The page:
We assess them throughout the scheme not just on formal assessments but also on their performance in their departments and also how they interact with others. We are very respectful of our colleagues at AG no matter how junior or senior they are. We want to see this same level of respect coming from our vac scheme students.

How can people make up the fact that they haven't done any work experience at a law firm?

Showing commercial experience is good so if you have had experience in another commercial setting you can call on your experiences here. It is important to get some form of legal experience otherwise it will be difficult for you to articulate why you want to be a lawyer. If you are struggling to get experience in a City firm, try a local high street firm. Otherwise get involved in the law society at university and/or do some pro bono work. All of these experiences will enhance your application.

How can someone make the right impression at a law fair?

Show they know about the firm; it's always impressive when students show they've done their research.

What skills and competencies do you look for candidates to demonstrate on assessment days?

Our assessment centres consist of a partner interview, partner briefing and a group exercise. We test a number of competencies throughout the day such as team work, commitment to law and to AG, and technical skills.

Thinking about your assessment day, what skills are you looking for from the group exercise?

We want to see good team working skills, as I mentioned earlier, being respectful of colleagues is very important at AG so we want to see this from an early stage. We also want to see you can assimilate a lot of information in a short space of time and be able to analyse this.

What's your advice to those who don't feel comfortable speaking up in group exercises?

You really need to try to overcome this because assessors will not be able to assess you if you don’t speak up. I know it can be daunting particularly if there are confident characters in there. Just remember that the dominant people aren't always the ones who stand out for the right reasons.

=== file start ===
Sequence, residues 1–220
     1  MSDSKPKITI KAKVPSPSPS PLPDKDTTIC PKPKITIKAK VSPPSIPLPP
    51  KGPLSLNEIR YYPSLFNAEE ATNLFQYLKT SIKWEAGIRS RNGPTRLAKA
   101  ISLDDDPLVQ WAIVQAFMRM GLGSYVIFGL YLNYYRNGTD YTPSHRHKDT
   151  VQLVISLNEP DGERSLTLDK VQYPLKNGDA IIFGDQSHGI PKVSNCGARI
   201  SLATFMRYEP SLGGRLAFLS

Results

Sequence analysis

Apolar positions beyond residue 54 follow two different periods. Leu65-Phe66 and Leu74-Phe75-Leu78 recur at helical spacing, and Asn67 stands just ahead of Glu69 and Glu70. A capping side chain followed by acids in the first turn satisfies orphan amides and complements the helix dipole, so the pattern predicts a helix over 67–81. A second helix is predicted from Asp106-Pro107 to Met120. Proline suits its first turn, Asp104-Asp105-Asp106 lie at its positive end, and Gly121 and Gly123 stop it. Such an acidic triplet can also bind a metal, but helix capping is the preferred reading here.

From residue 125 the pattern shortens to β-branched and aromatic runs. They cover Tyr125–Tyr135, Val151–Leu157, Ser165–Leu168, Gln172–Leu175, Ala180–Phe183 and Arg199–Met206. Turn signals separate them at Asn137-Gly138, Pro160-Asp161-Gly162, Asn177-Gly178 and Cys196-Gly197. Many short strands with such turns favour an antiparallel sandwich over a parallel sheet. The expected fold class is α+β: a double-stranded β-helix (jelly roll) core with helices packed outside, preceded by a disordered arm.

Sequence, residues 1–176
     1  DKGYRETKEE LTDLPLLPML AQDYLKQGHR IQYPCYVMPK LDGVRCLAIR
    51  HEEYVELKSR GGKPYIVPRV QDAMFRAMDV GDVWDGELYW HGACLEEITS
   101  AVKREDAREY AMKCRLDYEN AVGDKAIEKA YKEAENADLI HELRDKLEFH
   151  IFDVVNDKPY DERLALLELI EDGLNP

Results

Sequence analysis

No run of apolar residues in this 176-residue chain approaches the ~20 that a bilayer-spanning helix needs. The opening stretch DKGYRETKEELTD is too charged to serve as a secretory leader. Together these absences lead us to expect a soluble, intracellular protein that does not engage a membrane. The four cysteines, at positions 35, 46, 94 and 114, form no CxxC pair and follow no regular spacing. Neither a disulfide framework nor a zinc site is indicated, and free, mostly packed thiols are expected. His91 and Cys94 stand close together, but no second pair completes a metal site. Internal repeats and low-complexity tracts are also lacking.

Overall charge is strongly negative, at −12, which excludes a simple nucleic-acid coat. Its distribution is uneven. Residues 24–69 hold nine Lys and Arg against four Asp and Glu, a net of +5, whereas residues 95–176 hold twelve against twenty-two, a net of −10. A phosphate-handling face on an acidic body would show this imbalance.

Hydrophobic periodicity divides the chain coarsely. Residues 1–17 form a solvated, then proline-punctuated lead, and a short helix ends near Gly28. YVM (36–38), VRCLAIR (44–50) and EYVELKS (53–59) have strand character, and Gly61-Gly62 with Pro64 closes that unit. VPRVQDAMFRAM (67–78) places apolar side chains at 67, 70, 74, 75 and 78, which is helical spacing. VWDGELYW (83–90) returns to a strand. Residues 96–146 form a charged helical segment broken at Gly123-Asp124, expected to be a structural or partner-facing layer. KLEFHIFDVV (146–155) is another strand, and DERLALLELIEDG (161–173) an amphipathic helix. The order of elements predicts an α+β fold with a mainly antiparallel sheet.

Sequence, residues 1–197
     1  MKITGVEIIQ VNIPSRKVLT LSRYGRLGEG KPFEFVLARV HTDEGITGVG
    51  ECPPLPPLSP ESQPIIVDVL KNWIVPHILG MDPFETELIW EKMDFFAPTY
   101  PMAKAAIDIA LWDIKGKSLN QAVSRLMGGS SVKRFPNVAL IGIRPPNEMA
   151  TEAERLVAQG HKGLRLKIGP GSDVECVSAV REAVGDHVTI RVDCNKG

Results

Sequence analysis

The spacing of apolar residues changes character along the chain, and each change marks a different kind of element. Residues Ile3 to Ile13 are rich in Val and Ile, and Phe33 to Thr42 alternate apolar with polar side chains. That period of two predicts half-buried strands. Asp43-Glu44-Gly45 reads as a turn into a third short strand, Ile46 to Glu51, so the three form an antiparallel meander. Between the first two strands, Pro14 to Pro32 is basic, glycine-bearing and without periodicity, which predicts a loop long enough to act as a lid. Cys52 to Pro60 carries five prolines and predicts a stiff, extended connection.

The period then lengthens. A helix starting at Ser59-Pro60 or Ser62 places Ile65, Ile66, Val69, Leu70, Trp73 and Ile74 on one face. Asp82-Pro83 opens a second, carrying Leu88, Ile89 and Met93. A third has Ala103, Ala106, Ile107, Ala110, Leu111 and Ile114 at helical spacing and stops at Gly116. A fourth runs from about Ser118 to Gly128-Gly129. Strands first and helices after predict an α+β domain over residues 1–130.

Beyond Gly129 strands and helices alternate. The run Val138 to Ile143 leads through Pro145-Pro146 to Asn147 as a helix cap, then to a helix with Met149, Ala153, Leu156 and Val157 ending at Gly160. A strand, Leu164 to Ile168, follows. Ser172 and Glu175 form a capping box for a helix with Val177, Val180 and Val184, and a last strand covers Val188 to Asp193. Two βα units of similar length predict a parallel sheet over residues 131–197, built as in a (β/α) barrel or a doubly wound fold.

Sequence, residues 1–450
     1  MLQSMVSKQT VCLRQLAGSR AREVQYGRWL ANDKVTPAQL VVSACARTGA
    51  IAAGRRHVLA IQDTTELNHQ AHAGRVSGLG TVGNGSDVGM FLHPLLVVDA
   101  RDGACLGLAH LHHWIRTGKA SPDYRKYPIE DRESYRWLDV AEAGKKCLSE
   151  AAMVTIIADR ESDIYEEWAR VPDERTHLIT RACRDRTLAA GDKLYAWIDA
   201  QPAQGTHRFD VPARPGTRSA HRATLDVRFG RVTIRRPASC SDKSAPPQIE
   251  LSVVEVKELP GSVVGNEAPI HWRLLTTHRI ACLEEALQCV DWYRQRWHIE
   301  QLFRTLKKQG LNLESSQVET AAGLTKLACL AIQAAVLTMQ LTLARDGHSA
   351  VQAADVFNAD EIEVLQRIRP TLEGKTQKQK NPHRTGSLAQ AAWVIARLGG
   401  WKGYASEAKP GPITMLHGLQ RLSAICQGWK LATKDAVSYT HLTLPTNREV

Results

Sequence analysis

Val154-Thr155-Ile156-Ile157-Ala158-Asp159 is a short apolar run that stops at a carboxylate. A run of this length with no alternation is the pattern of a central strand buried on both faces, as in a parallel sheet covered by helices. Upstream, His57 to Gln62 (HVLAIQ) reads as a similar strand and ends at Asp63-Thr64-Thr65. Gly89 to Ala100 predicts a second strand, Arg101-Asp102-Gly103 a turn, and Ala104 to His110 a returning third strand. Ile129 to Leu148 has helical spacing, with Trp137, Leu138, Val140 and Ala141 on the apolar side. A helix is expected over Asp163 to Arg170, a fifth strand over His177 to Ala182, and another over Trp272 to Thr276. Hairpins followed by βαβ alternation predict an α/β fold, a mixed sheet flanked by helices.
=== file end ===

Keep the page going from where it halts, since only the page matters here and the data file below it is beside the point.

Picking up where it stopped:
How can you tell whether a candidate really wants a job?

If they have done their research and show their commitment to the firm. They are keen, ask questions and try very hard.

What kind of questions should candidates ask at interview? What shouldn’t they ask?

Anything they are genuinely interested in knowing is good, don't just ask a question for the sake of it if you aren't really interested in the answer.

Law firms tell us that they try hard to encourage STEM students to apply for training contracts. The link between law and science may not be an obvious one. Why do scientists make good lawyers?

Firstly the are trained in a different discipline and can bring a different level of experience to the table. They have a strong analytical mind which is what we need from our lawyers.

How can non-law students show their commitment to a career in law when they haven’t necessarily been exposed to university law societies, law clinics and mooting events?

If they still have an opportunity to be involved in the societies at university then they should absolutely make the most of this. If they have left university then look at getting paralegal work or get involved in some pro bono. As I mentioned earlier, we want to see evidence that applicants have explored the profession and if they have seen it first-hand, this shows us it is a well thought-out decision.

Please note this is not TARGETjobs content and written by the employer.